Format22 × 27 cm
Features144 pages, 37 color images and 40 b/w images, Hardcover
Rare Glimpses of the Life inside Berlin’s Trailer Encampments
No running water, no heat, but boundless freedom: in the 1990s, that is the lived reality in Berlin’s trailer encampments. Established by free-spirited individuals who refused to fit in, few of these autonomous settlements have survived the ravages of gentrification. The residents of the remaining encampments do not like to be photographed, but they made an exception for Ralf Marsault (b. Angers, 1957; lives and works in Paris), who was part of the community. For over a decade, he recorded the routines, the highs and lows of life at the “Kreuzdorf Wagenburg” in Berlin. In this book, the artist shows what a life looked like that contrasted sharply with the usual dream of a nine-to-five job, homeownership, and material prosperity—and that helped make Berlin the magnet that it still is. Marsault, who has a PhD in cultural anthropology, thus also highlights a strand in the city’s history that is not about money, power, or fame—an alternative vision that can surely be an important source of inspiration for today’s aspiring rebels.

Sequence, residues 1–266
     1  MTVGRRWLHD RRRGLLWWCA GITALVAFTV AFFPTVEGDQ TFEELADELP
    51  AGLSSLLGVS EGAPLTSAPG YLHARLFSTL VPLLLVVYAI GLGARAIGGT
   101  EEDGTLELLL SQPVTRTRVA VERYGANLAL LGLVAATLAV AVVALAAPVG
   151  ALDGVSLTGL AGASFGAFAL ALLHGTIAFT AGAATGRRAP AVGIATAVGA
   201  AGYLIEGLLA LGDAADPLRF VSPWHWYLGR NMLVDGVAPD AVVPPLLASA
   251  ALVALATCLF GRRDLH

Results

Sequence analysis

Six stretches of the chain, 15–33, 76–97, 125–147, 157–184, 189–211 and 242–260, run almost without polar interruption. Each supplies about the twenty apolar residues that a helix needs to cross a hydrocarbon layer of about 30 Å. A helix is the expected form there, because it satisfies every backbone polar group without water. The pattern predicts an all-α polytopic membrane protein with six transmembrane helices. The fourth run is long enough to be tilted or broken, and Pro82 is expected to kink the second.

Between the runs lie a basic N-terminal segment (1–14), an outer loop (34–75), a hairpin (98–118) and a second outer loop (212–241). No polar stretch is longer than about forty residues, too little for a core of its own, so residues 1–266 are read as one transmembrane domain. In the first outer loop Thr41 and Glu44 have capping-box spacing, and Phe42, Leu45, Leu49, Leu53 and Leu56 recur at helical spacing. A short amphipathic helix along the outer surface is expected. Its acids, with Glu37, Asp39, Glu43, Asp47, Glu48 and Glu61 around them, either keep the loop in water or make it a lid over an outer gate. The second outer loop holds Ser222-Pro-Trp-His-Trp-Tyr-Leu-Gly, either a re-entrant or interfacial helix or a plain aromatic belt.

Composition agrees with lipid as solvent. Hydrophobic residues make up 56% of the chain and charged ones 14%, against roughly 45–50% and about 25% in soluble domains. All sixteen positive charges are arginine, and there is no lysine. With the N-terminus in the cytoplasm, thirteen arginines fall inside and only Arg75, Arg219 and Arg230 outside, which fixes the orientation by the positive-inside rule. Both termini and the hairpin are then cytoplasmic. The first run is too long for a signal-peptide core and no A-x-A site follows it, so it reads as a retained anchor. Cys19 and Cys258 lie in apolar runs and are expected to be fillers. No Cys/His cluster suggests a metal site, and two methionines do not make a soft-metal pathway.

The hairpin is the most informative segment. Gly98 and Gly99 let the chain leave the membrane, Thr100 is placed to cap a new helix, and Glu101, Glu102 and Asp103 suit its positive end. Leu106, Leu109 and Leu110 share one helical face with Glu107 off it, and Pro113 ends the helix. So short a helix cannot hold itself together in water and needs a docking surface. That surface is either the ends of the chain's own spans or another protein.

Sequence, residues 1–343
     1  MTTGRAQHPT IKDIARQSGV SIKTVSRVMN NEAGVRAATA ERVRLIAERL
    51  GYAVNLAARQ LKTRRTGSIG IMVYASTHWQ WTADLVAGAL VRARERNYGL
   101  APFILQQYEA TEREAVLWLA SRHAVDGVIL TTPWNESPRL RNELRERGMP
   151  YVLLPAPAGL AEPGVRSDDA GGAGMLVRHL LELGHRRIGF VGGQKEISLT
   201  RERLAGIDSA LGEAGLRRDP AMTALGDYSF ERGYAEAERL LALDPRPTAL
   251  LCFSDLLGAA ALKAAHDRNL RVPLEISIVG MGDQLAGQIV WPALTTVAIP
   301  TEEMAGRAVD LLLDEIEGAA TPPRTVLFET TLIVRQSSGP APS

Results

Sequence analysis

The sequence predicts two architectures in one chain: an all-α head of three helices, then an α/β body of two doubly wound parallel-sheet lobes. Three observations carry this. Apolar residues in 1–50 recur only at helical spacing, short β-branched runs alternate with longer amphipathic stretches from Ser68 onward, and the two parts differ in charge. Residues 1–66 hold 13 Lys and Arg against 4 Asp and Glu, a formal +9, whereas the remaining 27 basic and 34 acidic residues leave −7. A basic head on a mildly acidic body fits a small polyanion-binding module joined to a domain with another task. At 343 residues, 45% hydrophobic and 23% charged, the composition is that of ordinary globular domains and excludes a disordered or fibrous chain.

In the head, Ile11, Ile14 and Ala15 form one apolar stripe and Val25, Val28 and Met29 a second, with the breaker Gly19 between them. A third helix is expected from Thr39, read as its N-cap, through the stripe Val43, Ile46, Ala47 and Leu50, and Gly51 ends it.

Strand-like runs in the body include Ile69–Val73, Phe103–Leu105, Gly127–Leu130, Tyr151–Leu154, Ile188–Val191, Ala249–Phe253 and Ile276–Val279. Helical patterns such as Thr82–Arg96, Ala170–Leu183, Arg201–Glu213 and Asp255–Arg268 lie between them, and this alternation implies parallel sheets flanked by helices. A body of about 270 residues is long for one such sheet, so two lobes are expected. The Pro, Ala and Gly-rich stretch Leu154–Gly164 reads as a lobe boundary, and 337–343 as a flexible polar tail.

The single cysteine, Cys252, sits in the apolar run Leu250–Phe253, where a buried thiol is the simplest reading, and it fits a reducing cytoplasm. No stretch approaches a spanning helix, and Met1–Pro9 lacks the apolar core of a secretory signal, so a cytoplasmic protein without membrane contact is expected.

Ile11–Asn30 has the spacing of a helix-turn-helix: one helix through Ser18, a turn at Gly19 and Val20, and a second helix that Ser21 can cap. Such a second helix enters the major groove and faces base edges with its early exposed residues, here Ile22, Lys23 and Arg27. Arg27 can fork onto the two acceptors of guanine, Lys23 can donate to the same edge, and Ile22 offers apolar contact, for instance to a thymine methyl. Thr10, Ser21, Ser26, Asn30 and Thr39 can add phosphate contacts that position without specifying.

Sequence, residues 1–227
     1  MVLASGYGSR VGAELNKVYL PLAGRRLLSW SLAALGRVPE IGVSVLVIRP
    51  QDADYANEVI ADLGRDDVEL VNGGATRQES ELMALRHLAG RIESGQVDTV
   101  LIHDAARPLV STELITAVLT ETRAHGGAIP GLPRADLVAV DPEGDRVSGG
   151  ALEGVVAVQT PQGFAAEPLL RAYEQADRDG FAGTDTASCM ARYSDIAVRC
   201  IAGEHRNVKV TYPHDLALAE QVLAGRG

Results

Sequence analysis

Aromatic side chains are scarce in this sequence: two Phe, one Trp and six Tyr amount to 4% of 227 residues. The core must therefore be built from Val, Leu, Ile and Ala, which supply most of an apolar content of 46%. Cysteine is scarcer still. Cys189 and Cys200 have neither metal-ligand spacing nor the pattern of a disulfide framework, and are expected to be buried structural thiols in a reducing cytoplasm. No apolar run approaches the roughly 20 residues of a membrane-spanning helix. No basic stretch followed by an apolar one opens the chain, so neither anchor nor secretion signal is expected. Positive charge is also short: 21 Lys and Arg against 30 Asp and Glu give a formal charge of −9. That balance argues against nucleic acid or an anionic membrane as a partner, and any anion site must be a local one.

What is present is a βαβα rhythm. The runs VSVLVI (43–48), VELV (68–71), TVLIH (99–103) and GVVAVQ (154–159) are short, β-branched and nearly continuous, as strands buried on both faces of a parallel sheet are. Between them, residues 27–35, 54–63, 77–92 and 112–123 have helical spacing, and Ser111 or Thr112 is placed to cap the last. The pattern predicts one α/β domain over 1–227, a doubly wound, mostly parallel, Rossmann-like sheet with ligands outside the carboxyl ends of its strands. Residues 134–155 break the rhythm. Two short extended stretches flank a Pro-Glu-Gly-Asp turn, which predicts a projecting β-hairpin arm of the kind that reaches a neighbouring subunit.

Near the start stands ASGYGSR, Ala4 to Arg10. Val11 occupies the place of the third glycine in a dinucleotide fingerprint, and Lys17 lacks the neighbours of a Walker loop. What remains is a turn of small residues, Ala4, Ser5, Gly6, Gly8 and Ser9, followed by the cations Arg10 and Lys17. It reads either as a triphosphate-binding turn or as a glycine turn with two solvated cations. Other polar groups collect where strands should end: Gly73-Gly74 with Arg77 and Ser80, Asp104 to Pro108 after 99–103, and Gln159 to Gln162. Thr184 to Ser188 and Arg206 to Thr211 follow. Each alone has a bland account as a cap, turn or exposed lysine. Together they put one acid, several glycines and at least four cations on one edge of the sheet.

With a foreword by Élisabeth Lebovici and an interview by Héléna Bastais.